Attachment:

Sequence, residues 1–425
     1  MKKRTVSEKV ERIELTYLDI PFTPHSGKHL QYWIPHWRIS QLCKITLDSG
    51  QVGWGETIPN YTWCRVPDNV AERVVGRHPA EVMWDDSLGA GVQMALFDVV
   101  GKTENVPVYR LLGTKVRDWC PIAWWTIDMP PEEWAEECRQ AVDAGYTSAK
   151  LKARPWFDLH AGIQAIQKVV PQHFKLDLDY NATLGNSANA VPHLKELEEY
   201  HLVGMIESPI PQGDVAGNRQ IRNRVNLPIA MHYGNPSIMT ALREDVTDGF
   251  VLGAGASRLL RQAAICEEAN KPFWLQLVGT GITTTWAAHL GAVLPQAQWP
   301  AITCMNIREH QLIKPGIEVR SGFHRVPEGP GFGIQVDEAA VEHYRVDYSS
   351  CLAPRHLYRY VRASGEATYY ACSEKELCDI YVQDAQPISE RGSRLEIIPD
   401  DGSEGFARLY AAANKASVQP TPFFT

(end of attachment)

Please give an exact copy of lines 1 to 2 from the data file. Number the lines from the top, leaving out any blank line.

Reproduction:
Sequence, residues 1–425
     1  MKKRTVSEKV ERIELTYLDI PFTPHSGKHL QYWIPHWRIS QLCKITLDSG